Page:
SLO County redistricting hearing focuses on SLO, Cal Poly, Oceano, and citizen oversight


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DISTRICT DEBATE SLO County’s five supervisorial districts (pictured) are up for debate, as the Board of Supervisors held its first redistricting hearing on July 20. - FILE PHOTO COURTESY OF THE SLO COUNTY LEAGUE OF WOMEN VOTERS
  • DISTRICT DEBATE SLO County‚Äôs five supervisorial districts (pictured) are up for debate, as the Board of Supervisors held its first redistricting hearing on July 20.

San Luis Obispo County held its first public redistricting hearing on July 20—with residents criticizing the Board of Supervisors for retaining authority over its next electoral map, while focusing input on the communities of SLO, Cal Poly, and Oceano.

"There really should be a citizens redistricting task force," said Michael Latner, a Cal Poly political science professor and local resident, during public comment. "It is rather absurd in the 21st century that you're still choosing your voters."

Redistricting takes place once a decade and involves adjusting federal, state, and local electoral maps based on changes in population. Earlier this year, the SLO County Board of Supervisors opted not to form an independent citizen commission to redraw its five supervisorial districts.

Instead, SLO County is working with Sacramento-based consultant Redistricting Partners on the task, with county supervisors keeping the final vote on the maps. Paul Mitchell, owner of Redistricting Partners, outlined the steps ahead for SLO County and gave an overall presentation about redistricting at the July 20 meeting.

Mitchell's presentation focused on the legal principles of redistricting: that districts must be of relatively equal population sizes, be compact and contiguous, maintain "communities of interest," and respect city and community boundaries.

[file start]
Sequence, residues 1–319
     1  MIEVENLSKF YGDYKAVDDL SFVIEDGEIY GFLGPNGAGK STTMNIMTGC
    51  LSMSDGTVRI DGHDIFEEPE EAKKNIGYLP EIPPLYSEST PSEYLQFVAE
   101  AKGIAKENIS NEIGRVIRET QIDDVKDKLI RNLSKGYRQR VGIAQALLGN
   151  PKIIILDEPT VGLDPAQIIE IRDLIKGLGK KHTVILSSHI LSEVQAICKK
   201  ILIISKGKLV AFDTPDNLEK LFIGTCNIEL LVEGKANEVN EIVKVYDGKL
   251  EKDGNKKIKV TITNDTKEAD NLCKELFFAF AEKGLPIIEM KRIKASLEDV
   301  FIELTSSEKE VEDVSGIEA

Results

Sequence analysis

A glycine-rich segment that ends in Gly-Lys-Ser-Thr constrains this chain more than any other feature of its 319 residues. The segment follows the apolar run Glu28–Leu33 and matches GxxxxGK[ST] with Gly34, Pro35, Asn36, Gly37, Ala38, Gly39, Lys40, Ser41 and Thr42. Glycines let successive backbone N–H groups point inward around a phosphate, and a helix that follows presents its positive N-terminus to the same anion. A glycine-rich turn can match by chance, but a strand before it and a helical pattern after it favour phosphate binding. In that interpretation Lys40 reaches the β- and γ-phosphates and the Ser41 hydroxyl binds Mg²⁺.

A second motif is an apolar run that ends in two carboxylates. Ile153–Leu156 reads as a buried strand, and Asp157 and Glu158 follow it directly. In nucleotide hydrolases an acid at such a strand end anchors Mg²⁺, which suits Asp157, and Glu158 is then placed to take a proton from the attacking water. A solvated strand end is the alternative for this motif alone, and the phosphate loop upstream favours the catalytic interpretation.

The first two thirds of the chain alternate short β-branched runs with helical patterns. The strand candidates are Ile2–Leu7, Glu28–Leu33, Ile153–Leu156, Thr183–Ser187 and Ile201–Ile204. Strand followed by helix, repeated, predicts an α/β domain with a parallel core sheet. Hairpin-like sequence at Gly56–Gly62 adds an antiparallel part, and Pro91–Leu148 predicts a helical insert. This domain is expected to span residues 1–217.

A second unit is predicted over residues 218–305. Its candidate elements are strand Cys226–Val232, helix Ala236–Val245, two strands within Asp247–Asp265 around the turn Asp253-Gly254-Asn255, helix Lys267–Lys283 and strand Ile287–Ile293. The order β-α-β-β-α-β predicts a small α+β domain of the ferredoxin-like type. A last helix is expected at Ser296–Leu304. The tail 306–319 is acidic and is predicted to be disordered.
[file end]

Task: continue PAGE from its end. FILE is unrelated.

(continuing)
Redistricting also must not favor incumbents or candidates, or advantage or disadvantage a political party.

About 30 local citizens submitted written or verbal comments at the hearing, including elected city officials like SLO Mayor Heidi Harmon and Atascadero City Councilmember Susan Funk.

Harmon touched on one of the most contentious subjects related to county redistricting: how many districts the city of SLO should have. The mayor argued for maintaining the status quo of splitting SLO into three supervisorial districts—which she said gives it the right amount of representation at the county.

"Our central place in the county is appropriately reflected with the multiple supervisorial districts representing us, which reflects the deep bond we have with the rest of the county and allows for a broader representation throughout the county," Harmon said.

Other commenters argued against that. Some residents of the 5th District wrote that neither SLO nor Cal Poly belonged in the largely North County district, which is currently represented by Pozo resident Debbie Arnold. Arnold made the same argument during her re-election campagin in 2020 and to New Times in recent redistricting coverage.

"Our community should absolutely not include the city of SLO or the area of Cal Poly where students can vote on issues that do not affect them," Atascadero resident Suzie Anderson wrote in a public comment. "We love our community. Keep it conservative."

Residents of Oceano weighed in to request that the coastal community remain in the 4th District, which includes Nipomo and Arroyo Grande. Incumbent 4th District Supervisor Lynn Compton lost the vote in Oceano in the 2018 election—an election that she won by 60 votes. Compton's seat is up for election again in 2022.

The Board of Supervisors' next redistricting hearing is not until Oct. 26, when officials expect to have 2020 census data in hand. Due to delays in the release of the census, counties will have only about a month to examine data and debate redistricting before final maps must be approved in December. Δ



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